I saw a sign on a subway that read "Like Hell Money Can't Buy Happiness / Get debt-relief by calling ..." Who first said "Money can't buy happiness"? Is it a cultural touchstone in all cultures or just English-speaking ones?
"Like Hell Money Can't Buy Happiness". "Like Hell" is modern phraseology, both in its brazen language and it informality. It could have said "We don't believe that money can't buy happiness". Or it could have said "Actually, money CAN can buy happiness". Is the tone evoked through the use of the word "Hell" supposed to engender sympathy with the anguish felt by someone in debt?
I saw a safety message near a call button on a subway that read: "Push for Fire, Harassment, Illness, Accidents, Vandalism, Threats to Customer Security" What a list. Think of everything left out; however did they narrow it to these items?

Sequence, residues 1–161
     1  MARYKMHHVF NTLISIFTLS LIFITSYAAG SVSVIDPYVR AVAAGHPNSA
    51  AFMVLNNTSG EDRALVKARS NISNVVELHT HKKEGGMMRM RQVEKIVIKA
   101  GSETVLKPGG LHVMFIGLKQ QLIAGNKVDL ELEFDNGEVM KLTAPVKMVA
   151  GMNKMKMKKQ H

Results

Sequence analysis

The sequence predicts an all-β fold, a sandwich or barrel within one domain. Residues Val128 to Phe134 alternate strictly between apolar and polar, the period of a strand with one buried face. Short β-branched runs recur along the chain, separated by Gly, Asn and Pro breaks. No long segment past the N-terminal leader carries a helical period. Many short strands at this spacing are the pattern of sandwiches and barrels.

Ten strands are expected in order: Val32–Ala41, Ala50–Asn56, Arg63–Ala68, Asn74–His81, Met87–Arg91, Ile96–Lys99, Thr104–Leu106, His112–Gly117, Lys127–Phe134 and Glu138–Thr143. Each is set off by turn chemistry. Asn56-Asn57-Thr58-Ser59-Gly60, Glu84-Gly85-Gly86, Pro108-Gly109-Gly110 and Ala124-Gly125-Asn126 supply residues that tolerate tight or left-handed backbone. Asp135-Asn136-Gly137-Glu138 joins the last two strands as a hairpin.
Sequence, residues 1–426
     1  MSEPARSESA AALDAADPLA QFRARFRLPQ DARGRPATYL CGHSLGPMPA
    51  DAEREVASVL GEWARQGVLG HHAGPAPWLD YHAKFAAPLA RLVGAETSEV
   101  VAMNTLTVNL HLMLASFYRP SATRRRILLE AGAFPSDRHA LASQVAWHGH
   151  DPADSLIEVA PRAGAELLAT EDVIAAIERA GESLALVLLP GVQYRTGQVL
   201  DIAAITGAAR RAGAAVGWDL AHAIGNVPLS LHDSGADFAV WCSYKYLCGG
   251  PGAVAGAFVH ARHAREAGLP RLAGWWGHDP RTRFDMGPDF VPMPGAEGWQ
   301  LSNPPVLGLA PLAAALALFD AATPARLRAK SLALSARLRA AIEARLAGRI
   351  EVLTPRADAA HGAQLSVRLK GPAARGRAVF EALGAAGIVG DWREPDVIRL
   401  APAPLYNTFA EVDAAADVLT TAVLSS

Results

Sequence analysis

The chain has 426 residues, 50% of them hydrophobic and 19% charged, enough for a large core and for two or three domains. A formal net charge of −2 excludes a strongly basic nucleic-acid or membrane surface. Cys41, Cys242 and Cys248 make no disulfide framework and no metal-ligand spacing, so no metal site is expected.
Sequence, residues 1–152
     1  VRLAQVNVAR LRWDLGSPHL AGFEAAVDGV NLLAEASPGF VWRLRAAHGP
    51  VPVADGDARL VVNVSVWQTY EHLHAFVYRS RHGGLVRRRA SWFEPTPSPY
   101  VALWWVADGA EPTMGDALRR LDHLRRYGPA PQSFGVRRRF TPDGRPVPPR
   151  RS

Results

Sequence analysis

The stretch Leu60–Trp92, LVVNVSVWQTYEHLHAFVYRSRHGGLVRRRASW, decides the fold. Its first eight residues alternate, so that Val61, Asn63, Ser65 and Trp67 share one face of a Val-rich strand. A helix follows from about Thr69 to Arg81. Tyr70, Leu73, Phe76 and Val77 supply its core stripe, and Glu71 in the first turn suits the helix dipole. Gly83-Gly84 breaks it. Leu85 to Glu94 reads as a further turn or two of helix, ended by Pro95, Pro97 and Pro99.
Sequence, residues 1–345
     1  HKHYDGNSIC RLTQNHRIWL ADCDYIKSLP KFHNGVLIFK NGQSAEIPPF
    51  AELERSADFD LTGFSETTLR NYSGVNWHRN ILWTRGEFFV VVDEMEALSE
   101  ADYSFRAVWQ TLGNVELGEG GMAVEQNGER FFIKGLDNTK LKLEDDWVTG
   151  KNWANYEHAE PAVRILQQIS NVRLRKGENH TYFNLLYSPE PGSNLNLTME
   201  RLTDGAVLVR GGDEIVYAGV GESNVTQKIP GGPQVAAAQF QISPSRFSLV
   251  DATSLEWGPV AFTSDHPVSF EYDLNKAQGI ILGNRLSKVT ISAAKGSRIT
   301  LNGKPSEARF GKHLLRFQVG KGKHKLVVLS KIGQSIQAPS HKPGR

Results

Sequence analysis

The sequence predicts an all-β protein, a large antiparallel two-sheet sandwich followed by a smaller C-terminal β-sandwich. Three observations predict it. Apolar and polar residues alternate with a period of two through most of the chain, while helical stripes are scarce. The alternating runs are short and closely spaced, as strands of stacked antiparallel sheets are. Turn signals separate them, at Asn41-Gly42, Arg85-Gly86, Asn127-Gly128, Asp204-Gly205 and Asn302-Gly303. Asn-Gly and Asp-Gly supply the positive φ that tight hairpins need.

Is each of these really a separate category? Fire is usually the result of an accident or vandalism, I would think. Not to mention that it constitutes a threat to customer security. Push intercom for vandalism? Who is going to be doing this pushing? The vandals? Or those who want vandalism?
If I had all the time in the world, and a much longer life, I would spend hours every day just shooting each one of these text and image balloons fighting for the attention of the dispassionate masses on public transportation systems. Each one has so much to say about its origin, the culture, the audience, and all of life.
Every advertisement inspires my curiosity. Every public safety message. Every moving or stationary part. Every person. I want to photograph and analyze each one.
No one can prove that there's more to your existence than this life. This is your last chance. Your only chance. Learn from everything. Be inspired. Make it. Write about it. Share it.